Friday, July 5, 2013

Pendaries Village

I mentioned earlier this week that Juan Bautista Cordova, a possible great-great grandfather of mine, sold some land in the mountains north of Las Vegas to French immigrant Jean Pendaries nearly 140 years ago.

The 1875 land record itself is fascinating because it includes details such as the fact that the land was marked by ridges overlooking two streams from the Sapello River, where Juan Bautista and his son Antonio used to fish. A distant cousin who owns land in the tiny village of San Ignacio, sent me a copy of the record that he obtained from another cousin. Not long after that, I ran across the same record at the San Miguel County Clerk’s Office.

But the land sale was significant for another reason. Jean Pendaries had already made a name for himself as the owner and operator of the Plaza Hotel, which he built on the Las Vegas plaza in the 19th Century. Apparently he sold the hotel prior to 1875, and started buying property in the mountains north of Las Vegas, according to a history on a web site for the Pendaries resort and golf course that now sits on land near Rociada, on the other side of the mountain from Juan Bautista Cordova’s stomping grounds in San Ignacio.

As a side note, Tony DeTevis, my great-grandfather on my Grandma Rise’s side, also owned a home in San Ignacio. My Dad has told me how he used to go do work for his grandfather at that property during the summer.

Back to Jean Pendaries, he apparently used money from the sale of the Plaza Hotel to purchase several parcels of land near Rociada, which would eventually become the 5,000-acre Pendaries Ranch. He built a saw mill, a grist mill and a homestead on the ranch.

One of the parcels that Pendaries purchased was the land owned by Juan Bautista Cordova. He paid 500 pesos. It’s not clear how much land he bought from Juan Bautista, but the record, written in Spanish and translated to English by a friend of mine, describes the location as follows:

“…located where both of the Sapillo River's streams lie, west of the Plaza de TecoloteƱa in said County and Territory, where Juan Bautista Cordova and his son Antonio fish and which was deeded to them by the Judge of Evidence of said County and Territory per the petition on various residents of said Plaza. This land parcel consists of 500 yards of width and its boundaries are, on the North and South ends, the ridges that are adjacent to said river and on the East and West, land parcels belonging to Juan Pendaries, (this part is illegible, but I believe it says as follows), including houses, corrals and everything in between the boundaries described which shall be granted and adjudicated to Juan Pendaries and his children and heirs in fee simple, so long as said Antonio Cordova and Maria de la Gracia Garcia have confirmed the actions of their parents over these premises and that they abide by everything provided for in this instrument, detailing everything as if they were the parties signing.”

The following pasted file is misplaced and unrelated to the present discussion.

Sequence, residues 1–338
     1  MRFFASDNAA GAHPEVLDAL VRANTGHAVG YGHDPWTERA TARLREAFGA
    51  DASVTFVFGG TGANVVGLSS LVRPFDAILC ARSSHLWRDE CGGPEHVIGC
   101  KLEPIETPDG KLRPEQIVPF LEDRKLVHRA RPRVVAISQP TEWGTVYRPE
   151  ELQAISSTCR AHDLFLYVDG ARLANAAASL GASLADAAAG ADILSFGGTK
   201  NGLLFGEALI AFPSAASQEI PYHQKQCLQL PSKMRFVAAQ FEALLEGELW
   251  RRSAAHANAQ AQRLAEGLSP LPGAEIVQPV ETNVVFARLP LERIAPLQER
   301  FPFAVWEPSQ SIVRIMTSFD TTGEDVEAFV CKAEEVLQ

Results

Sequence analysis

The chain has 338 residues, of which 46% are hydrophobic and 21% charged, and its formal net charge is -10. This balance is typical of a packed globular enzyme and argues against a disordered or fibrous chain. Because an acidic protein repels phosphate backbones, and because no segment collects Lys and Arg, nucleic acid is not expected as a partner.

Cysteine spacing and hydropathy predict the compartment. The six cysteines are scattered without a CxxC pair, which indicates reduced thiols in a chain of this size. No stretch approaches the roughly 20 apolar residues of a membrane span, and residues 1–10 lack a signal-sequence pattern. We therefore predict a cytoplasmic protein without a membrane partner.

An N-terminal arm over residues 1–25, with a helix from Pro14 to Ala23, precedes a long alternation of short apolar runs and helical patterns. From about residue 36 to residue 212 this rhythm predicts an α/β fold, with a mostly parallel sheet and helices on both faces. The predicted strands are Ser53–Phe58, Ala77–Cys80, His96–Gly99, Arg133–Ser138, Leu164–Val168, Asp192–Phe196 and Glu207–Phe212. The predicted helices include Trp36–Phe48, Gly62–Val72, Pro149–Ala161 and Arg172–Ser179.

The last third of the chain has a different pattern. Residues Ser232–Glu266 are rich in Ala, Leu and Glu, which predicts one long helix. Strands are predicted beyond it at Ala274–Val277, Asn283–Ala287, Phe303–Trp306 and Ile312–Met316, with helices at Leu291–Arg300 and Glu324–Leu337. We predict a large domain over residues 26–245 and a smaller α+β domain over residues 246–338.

For some context into the time period, the Pendaries land purchase was just five years before the railroad moved through the area, which ignited a lot of controversy in San Miguel County. The railroad and the jobs it created, also led to the migration of many residents from villages like San Ignacio and Sapello into Las Vegas.

According to Pendaries web site, “Jean’s daughter married into the Baca family, and they later became the patrons of the 5,000 acre ranch. Descendants of the ranch founder continued to operate into the twentieth century, as well as providing leadership roles in state government.”

Ironically, I’ve never been to Pendaries, but I hear the views are breathtaking. I hope to take the family up there before the end of summer, and maybe stop to see my cousin in nearby Watrous.

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